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Estimating the Economic Value of Drinking Water Reliability in Alberta Open Access


Other title
water reliability
contingent valuation
spike model
risk perceptions
control function
Type of item
Degree grantor
University of Alberta
Author or creator
Appiah, Alfred
Supervisor and department
Adamowicz, Wiktor (REES)
Examining committee member and department
Mohapatra, Sandeep (REES)
Boxall, Peter (REES)
Adamowicz, Wiktor (REES)
Rude, James (REES)
Department of Resource Economics and Environmental Sociology
Agricultural and Resource Economics
Date accepted
Graduation date
2016-06:Fall 2016
Master of Science
Degree level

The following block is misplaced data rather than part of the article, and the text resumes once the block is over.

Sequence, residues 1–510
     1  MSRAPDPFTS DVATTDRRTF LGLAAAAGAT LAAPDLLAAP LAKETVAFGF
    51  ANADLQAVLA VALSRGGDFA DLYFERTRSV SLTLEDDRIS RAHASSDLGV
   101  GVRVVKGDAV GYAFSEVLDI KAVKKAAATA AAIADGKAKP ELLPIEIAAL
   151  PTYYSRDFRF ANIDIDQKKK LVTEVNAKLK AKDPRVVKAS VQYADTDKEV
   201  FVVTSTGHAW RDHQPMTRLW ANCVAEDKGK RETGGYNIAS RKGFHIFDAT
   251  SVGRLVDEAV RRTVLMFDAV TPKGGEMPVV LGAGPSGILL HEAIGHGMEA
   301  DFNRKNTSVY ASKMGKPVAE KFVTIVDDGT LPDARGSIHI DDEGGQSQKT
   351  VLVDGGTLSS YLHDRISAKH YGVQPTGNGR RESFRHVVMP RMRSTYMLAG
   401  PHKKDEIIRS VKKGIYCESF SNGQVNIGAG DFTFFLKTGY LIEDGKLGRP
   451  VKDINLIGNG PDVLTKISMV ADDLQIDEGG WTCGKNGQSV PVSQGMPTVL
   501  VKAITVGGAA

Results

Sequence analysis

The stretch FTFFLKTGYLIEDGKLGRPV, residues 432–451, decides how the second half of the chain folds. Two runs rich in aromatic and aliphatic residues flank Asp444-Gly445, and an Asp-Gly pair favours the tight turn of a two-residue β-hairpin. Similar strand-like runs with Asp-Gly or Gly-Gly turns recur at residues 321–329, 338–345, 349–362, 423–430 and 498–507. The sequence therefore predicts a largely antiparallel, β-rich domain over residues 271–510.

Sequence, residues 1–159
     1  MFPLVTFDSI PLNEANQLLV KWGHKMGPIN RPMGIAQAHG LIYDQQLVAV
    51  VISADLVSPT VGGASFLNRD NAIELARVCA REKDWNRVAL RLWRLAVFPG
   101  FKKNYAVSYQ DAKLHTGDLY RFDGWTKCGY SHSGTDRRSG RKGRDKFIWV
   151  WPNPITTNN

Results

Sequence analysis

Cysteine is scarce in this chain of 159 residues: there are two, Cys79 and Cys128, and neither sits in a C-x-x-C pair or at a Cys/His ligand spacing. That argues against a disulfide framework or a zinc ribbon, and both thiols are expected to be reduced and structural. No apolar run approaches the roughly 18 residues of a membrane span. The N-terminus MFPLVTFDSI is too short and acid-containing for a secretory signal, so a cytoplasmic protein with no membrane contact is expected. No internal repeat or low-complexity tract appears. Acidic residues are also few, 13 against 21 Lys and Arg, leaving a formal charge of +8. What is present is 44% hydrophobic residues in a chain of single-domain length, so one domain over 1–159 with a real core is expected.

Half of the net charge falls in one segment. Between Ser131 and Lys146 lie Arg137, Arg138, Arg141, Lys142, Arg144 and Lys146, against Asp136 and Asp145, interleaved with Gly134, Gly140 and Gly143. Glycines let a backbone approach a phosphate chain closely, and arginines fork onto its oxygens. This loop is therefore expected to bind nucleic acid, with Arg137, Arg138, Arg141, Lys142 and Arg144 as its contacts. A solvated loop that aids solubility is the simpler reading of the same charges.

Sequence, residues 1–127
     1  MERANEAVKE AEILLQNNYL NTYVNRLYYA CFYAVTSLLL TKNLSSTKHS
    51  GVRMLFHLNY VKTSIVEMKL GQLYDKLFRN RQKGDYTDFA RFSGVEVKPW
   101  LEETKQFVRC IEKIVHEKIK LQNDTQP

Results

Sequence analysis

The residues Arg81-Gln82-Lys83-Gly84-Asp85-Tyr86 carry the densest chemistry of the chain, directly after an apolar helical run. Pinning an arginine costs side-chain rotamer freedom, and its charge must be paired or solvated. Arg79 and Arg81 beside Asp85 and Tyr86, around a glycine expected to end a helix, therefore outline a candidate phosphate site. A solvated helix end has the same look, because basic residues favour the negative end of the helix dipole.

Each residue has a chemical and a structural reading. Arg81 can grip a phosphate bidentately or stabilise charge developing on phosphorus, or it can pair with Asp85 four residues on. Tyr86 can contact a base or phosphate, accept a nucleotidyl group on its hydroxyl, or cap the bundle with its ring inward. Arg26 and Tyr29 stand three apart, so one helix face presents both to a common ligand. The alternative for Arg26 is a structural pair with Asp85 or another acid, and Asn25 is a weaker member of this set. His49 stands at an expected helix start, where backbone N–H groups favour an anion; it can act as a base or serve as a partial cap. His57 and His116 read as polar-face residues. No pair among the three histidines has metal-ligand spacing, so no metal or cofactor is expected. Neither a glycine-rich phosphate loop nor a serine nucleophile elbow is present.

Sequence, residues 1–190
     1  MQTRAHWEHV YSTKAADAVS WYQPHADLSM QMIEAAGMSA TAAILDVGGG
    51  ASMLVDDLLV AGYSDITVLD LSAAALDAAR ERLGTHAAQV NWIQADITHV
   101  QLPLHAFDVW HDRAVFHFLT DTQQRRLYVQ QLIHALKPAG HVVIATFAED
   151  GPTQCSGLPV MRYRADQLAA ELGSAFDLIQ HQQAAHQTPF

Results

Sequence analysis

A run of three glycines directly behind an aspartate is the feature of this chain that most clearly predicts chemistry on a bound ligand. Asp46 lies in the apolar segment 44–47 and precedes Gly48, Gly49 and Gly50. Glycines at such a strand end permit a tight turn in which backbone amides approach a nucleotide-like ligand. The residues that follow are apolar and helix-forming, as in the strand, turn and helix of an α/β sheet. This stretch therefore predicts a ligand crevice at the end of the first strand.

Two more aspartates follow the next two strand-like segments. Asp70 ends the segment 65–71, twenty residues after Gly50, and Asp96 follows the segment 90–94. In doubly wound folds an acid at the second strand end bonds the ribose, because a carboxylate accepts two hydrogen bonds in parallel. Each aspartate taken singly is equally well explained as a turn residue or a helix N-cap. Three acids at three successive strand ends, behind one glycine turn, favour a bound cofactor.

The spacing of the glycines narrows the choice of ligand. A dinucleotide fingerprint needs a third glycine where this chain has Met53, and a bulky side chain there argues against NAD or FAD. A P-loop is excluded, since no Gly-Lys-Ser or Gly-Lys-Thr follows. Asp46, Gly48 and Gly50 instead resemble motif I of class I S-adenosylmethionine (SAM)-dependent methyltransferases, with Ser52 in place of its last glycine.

The overall objective of this study was to provide an estimate of the monetary value of drinking water reliability in Alberta. The study employed the results of an Alberta-wide survey on drinking water reliability. The survey elicited respondents’ experiences with, and risk perceptions of, three types of water outages. Respondents who expressed positive risk perceptions were presented with alternative programs that reduce their risk perceptions to specified percentages, but increased their water bills. Using cost and other program attributes as explanatory variables, a random effects probit model was employed to measure the probability of supporting the programs and to account for unobserved heterogeneities that may be present in the sample. Kristrom’s simple spike model was also used to account for “indifference” to the valuation scenarios. A control function approach was used to account for the potential presence of endogeneity in the absolute and subjective risk reductions of water outages using the respondents’ perceived risk of internet outages as instruments. The survey results indicated that respondents have not experienced many water outages in the last 10 years, but expect significant percentages of them in the next 10 years. Using parameter estimates from random effects probit models for respondents with positive risk perceptions, we calculated a mean willingness to pay (WTP) of $71 per year for at least a 50% reduction in the likelihood of a short-term water outage. Results of the spike models for all respondents, regardless of their risk perceptions, indicate a WTP of $46 per year for at least a 50% reduction in the risk of short-term water outages. Results of control function mixed logit models showed that, given the chosen instruments, short-term absolute risk reductions are endogenous in the models. Controlling for endogeneity slightly increases welfare measures by about 7%.
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